“And what else did you do?” Maga said, clearly done with book club talk.

“I went to a concert by a country musician. I don’t think you know them.”

“They’re more current and popular music?”

“You got it.”

“They played at Fenway which is where the Red Sox usually play.”

“You were at a restaurant called SunRise?”

“I was at Fenway where the Red Sox play. The baseball team.”

“You were at Sun Way?’

“Yes.” I gave in to either her hearing issues or my phone’s issues.

“And what band were you seeing?”

“A country band that’s more recent. I don’t know if you know of them.”

“Their name?”

“Zac Brown Band.”

“Jack Brown?”

“Sure.” I gave in again. Maybe Jack Brown is Zac’s brother and he’s good with a fiddle. “And what have you been up to? Staying out of trouble?”

She let loose quite the chuckle. “I’ve not been getting into trouble. I assure you. I’ve been a good girl for a long time.”

I wanted to ask her to elaborate. I was ready to battle the audio challenges. I was ready. And so was she…to go on a walk outside “in the rather nice weather before the sun has set.”

Oh, boy. She tapped into one of my weaknesses. Who am I to stand in the way of her and the Colorado sunset?

“Sunsets are my favorite. I certainly don’t want to hold you up,” I said.

“Mine too. Thank you for calling. I always enjoy our time together.”

“As do I. Now go and enjoy your sunset!”

Thousands of miles apart but under the same sky. It never stops being a comforting thought, even if neither of us can hear it properly.


August 27, 2019

“You sound chipper,” I said.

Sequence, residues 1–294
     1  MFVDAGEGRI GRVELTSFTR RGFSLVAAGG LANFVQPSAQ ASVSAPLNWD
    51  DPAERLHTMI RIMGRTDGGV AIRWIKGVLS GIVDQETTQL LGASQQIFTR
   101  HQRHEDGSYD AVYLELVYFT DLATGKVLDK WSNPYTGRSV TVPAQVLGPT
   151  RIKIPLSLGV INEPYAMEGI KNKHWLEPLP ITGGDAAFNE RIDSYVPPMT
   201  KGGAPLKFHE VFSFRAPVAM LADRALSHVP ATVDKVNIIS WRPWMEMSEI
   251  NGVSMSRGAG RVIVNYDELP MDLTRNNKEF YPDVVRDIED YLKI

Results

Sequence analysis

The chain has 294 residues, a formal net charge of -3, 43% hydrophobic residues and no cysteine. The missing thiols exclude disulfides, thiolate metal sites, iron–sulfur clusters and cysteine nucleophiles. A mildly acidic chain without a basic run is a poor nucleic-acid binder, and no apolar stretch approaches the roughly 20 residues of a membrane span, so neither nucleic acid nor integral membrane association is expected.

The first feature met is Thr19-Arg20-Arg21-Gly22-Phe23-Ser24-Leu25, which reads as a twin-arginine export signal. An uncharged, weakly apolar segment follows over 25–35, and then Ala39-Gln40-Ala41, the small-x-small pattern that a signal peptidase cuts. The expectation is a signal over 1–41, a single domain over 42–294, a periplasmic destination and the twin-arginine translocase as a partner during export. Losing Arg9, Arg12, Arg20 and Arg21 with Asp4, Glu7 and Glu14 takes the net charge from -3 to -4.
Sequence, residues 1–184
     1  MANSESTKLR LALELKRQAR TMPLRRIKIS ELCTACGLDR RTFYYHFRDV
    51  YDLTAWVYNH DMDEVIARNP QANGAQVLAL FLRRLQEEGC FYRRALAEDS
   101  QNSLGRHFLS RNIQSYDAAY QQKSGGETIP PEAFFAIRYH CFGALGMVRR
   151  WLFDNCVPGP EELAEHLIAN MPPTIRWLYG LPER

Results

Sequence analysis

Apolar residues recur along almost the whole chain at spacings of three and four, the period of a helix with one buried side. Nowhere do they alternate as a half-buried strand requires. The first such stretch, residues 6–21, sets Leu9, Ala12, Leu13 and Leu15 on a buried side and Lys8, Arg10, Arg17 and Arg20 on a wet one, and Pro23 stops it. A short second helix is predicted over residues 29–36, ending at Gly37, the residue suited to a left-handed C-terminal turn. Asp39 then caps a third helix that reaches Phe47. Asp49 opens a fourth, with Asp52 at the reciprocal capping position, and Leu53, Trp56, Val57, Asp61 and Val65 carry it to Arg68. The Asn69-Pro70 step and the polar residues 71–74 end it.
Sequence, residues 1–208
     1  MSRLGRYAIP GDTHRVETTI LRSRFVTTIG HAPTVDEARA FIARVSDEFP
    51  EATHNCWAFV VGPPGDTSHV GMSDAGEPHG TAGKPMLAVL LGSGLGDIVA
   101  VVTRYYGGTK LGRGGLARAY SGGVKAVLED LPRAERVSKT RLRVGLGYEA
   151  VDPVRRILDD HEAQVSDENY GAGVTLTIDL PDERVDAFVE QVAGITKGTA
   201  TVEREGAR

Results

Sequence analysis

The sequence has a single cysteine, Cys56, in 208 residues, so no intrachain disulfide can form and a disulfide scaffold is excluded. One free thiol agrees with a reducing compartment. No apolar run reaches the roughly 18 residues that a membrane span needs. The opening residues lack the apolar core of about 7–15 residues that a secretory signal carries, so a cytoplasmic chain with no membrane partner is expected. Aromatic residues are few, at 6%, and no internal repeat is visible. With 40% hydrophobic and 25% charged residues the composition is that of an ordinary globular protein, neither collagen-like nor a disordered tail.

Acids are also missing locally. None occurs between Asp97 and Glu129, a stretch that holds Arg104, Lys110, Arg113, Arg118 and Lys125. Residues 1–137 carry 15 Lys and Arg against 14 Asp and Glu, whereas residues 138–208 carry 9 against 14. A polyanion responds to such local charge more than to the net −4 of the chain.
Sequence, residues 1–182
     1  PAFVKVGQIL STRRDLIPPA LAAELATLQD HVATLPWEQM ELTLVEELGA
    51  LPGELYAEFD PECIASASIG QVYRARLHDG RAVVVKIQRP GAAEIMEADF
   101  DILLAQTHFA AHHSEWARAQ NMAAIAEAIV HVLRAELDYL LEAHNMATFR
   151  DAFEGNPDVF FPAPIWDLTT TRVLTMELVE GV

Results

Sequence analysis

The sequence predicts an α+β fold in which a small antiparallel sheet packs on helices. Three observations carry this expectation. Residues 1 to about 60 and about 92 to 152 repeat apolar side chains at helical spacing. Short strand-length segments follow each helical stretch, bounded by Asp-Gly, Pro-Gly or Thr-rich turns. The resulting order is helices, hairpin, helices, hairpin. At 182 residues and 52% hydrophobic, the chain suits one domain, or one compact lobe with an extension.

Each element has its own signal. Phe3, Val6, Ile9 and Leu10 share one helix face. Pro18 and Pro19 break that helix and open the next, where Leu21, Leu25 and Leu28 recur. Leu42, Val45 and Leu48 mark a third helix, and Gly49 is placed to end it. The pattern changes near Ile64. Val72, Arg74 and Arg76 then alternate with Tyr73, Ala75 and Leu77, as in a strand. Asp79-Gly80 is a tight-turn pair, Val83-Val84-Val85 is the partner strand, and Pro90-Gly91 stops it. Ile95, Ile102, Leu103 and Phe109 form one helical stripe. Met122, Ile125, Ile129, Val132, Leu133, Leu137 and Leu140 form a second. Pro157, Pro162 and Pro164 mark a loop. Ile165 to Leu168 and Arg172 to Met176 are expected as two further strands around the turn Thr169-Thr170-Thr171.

“I do?”


“I’m glad you told me,” Maga said, as if she couldn’t feel the upbeat attitude she was projecting. (I guess at 98yo your feelings dull a bit?) “I miss you all.” (Guess her feelings are back in working mode.)

“I miss you too.”

“You do?”

“Of course.”

“Good.” (Yup, her feelings are definitely back in working order.) “Are you going somewhere this weekend?”


“Oh, I thought you were.”

“Nope… Oh. I know what you’re thinking of. [Aunt J] is traveling to see my mom. They’re going to the US Open like always.”

“The tennis tournament?”

“The very one.”

“That was my game!”

“I know! Did you ever play doubles?”


“With other females only or did you play with co-ed partners?”

“Mixed doubles.”

“Oh, yes. That’s it! That’s what I meant.”

“Yes, I did play.”

“Who were your partners?”

“Jobo. Sons. Your dad.”

“My dad?”

“[N] is your dad…?”


“I think he played too.”

“You had all sorts of tennis players in your life. I love it! I think [Cousin P] was the most accomplished though. He played in college.”

“Yes. He was quite good. Do you play?”

“A little bit.”

“You should play a little bit more. Get good at it. It’s good exercise.”

“Indeed it is. For now, I just go for runs and I walk a lot.”

“I walk a lot too.”

I think she means her caregivers take her for a lot of walks, but who am I to mess with her current reality? I’m happy to point out when she’s chipper, but I’m not going to point out any physical limitations. After all, she was quite a tennis player and I’m happy she was still able to correct me on the details of the sport. Time together with her is time together whether or not I’m on the losing end of the conversation.


August 20, 2019

“It’s hard to lose valuable things,” Maga said, “like teeth.”

“And a roof.”

“A what?”

“Never mind. I was agreeing with you. Teeth are a tough thing to lose. I’m sorry to hear about your toothache.”

“I know. It’s the pits.”